The Story of Great October Fair
Written by Barry Lally (Originally Published in Oct/Nov 2013 issue of Ballinasloe Life Magazine)
A local hotel has a restaurant called Marengo. Diners who happen to be historians may wonder what a battle fought in Northern Italy between the French and the Austrians on June 14, 1800, has to do with Ballinasloe.
The explanation is simple. The French, who won that day, were led by Napoleon Bonaparte, who re-named the charger he had ridden in the field Marengo; a horse that was later to carry him to victory at the battles of Austerlitz, Jena and Wagram. Legend has it that Marengo had been bought at the Ballinasloe October Fair.
There appears to be no evidence to support this claim, but neither is there any proof that the story is false. Indeed, it may well be true, because continental quartermasters, or their agents, were a regular feature of the fair as major buyers of horse-flesh from the 18th century right up to WWII.
It might be thought that the internal combustion engine had rendered the horse redundant in military affairs as the 20th century advanced; not so. European armies made extensive use of horses to draw gun-carriages and supply wagons because the horse could traverse terrain that a motor lorry would find difficult if not impossible to negotiate. Irish horses were especially prized for their versatility, both as mounts and for draught work.
Odd as it may strike us today, up to 50 years ago horses were a minor – though important – component of the fair which was then mostly about the sheep and cattle until the livestock markets took over. Originally it seems that the week started off with a sheep fair for wether hoggets on a Monday that was followed by a fair for ewe hoggets on Tuesday. Wednesday was the Horse fair, Friday was for cattle and animals ‘missed’ earlier in the week were presented at the Country Fair on Saturday.
By the middle of the 19th century however, probably at the behest of the Earl of Clancarty, a Monday start had been precluded; apparently so that the God-fearing townsfolk would be spared the sight of people desecrating the Sabbath by erecting pins in the Green on the eve of the sheep fair. Very likely it was around this time that the convention was established of holding the October Fair in the week in which the first Tuesday of the month fell.
Thursday was allotted to the horse fair, but towards the end of the century there were complaints that the better quality animals were being sold off earlier in the week prior to the officially designated day. The solution was to move the horse fair forward to Monday, in the knowledge that no-one would dare to offer an affront to local sentiment by trading in horse-flesh on the Sabbath. Nowadays, however, there is probably as much, if not more, buying and selling done on the Sunday as on the Monday.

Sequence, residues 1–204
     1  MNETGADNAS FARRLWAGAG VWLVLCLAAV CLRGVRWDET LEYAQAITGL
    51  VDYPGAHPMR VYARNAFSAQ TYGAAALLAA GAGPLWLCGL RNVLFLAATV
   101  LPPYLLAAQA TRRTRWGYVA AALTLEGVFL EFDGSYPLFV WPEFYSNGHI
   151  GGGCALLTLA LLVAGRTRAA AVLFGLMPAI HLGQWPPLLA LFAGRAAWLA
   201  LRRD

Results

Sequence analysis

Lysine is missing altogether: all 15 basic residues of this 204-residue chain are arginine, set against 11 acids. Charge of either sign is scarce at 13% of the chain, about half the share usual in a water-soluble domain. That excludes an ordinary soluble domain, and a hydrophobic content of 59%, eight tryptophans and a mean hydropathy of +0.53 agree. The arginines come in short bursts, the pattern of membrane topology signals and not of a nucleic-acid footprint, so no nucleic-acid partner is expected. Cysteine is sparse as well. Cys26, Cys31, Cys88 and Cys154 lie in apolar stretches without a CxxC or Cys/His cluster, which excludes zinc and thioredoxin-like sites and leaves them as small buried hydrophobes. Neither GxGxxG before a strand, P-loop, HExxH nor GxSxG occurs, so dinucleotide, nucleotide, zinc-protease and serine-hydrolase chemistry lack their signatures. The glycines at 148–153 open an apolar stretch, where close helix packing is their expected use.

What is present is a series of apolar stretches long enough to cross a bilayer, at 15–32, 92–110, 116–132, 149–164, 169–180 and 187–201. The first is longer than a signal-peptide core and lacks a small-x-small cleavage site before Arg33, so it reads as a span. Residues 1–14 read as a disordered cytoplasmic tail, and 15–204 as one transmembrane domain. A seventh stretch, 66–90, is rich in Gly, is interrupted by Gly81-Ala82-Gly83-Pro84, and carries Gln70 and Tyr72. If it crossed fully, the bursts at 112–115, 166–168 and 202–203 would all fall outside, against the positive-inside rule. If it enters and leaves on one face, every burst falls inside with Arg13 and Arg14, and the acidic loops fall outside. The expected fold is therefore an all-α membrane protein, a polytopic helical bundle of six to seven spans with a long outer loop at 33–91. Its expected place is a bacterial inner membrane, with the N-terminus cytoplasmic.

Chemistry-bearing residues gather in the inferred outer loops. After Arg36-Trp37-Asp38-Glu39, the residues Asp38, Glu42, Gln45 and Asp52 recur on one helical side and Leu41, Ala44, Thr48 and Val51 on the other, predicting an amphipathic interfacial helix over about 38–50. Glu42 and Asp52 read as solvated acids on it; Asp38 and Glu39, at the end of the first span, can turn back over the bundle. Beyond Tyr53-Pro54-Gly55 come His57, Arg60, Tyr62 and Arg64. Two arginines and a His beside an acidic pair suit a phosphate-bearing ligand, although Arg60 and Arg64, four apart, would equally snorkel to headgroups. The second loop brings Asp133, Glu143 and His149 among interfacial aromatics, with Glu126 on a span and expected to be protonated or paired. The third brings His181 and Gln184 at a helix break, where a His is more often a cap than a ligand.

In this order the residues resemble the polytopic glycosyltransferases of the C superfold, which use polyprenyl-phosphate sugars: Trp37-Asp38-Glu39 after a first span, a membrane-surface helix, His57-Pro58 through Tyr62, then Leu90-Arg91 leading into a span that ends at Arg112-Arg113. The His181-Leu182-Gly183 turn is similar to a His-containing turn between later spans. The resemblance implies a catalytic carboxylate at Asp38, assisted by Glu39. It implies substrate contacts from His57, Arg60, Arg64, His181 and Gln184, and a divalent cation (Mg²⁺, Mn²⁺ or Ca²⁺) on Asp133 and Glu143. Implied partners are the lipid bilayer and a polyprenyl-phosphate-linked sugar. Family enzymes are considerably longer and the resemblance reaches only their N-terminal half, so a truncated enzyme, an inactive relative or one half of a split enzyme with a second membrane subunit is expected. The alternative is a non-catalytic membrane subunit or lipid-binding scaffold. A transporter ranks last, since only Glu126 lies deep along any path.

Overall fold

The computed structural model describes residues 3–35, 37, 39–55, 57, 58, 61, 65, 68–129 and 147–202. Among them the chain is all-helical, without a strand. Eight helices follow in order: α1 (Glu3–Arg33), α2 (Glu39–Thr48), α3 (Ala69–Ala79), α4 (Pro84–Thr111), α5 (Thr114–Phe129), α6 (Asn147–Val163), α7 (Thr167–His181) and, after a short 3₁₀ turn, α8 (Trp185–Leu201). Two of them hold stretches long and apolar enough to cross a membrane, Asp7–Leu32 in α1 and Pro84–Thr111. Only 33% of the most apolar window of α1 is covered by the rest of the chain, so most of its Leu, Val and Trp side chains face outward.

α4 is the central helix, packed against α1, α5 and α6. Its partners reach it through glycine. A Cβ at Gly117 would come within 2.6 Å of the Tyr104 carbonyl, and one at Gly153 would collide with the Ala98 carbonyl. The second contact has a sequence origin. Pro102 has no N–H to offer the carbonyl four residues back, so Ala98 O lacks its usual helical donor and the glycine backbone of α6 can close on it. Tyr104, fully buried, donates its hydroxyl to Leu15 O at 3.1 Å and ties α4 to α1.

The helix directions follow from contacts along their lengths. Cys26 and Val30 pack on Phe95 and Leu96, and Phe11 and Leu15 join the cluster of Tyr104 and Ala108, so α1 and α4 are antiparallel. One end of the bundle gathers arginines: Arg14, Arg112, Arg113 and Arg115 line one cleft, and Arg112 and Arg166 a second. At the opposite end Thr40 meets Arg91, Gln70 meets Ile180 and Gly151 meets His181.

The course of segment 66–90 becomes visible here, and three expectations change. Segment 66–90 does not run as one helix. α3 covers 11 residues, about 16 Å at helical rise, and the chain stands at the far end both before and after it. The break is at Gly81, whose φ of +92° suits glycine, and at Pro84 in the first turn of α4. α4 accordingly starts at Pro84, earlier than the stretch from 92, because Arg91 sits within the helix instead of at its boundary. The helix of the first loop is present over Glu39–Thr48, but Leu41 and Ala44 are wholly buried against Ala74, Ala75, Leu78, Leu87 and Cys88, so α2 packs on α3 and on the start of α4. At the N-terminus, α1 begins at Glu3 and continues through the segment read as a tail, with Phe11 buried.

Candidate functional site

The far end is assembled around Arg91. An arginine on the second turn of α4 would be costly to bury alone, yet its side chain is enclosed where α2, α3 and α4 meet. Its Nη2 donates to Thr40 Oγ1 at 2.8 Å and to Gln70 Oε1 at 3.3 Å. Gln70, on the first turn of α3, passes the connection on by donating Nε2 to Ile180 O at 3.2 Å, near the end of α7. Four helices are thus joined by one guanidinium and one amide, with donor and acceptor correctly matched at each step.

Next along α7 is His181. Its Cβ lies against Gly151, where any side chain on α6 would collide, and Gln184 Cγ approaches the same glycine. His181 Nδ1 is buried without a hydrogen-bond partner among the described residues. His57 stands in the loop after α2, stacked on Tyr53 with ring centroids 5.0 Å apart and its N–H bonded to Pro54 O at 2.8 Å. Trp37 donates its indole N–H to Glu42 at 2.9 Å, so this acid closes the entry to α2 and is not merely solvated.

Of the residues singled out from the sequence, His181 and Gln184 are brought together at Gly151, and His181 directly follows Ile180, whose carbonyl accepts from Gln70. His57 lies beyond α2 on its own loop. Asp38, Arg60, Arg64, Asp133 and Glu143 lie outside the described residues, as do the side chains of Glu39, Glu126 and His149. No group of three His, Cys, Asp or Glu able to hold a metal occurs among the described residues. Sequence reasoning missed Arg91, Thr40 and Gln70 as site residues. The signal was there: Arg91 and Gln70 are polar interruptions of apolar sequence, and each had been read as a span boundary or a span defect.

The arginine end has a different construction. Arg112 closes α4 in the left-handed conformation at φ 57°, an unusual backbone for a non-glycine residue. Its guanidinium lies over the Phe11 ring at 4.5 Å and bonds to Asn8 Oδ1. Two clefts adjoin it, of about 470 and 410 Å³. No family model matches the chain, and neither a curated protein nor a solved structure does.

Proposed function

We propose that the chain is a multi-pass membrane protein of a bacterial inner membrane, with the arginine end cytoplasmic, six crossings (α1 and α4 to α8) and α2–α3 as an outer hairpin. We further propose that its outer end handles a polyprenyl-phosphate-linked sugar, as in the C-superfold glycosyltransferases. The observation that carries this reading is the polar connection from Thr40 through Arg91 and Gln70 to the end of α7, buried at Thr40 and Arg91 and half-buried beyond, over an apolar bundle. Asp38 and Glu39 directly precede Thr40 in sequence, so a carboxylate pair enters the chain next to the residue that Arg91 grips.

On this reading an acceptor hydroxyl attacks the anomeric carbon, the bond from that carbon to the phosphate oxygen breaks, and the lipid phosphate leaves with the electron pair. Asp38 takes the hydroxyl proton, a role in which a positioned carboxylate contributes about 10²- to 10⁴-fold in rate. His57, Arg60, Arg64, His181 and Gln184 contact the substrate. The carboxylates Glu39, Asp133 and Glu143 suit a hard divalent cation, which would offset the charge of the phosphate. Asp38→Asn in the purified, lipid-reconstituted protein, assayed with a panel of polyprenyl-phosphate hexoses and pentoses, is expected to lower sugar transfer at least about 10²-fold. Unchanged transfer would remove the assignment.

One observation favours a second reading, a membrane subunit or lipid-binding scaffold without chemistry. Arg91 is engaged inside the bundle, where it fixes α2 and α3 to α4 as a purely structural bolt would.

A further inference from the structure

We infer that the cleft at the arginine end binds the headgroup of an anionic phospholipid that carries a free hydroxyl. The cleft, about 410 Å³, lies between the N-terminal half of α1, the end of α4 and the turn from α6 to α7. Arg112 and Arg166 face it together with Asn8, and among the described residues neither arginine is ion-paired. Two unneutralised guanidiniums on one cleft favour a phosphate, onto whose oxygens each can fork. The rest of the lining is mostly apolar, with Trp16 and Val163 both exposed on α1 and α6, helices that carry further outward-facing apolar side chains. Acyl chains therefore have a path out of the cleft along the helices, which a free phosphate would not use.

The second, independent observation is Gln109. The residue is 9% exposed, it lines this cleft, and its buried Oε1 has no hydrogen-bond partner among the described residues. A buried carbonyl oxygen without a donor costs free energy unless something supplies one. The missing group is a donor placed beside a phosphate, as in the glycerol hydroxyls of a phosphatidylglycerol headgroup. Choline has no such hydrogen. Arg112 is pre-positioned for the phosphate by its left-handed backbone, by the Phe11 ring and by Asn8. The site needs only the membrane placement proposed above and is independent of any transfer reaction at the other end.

The origins of the October Fair are lost in the mists of time, though there’s speculation that it developed in the 16th century in response to the export trade from Galway in hides and salted beef, a trade that expanded significantly in the following century when the city became a victualling port for the British West India Fleet, which meant that Galway merchants required large amounts of meat to process and sell to the navy.
The October fair received an additional boost from the move towards pasture in the 1730s prompted by frequent wars and diseases among cattle on the continent, combined with the exemption of grazing land from tithes. By the end of the century the October Fair had become the principal sheep and cattle mart of these islands and indeed had acquired a European-wide reputation. The Fair continued to expand in the 19th Century, reaching a peak sometime in the 1860s. Perhaps the most powerful agent in its subsequent decline was the Railway, arriving in 1851. While it initially helped by facilitating in the transport of livestock, it eventually reduced its importance by aiding establishment of smaller fairs elsewhere.
Due to growing mechanisation of Irish farms in the 1950s, it is conceivable that the horse fair would have gone the way of the sheep and cattle fairs by the 1970s had it not been for the efforts of successive Fair and Festival committees, along with the fact that more disposable income became available in the ‘60s, creating an increased demand for what might be termed ‘recreational horses’.Though the agents of foreign armies who bought the likes of Marengo have been consigned to the pages of history, visitors still flock from far and wide – the continent included - to savour the unique atmosphere of the Fair. Aside from the Fair’s strictly commercial aspect, it is one of the greatest social events of the West of Ireland, also an occasion for emigrants to return and renew old acquaintances. Ballinasloe, in the form of the October Fair, has had for years its own ‘Gathering’ without anyone thinking to name it so.
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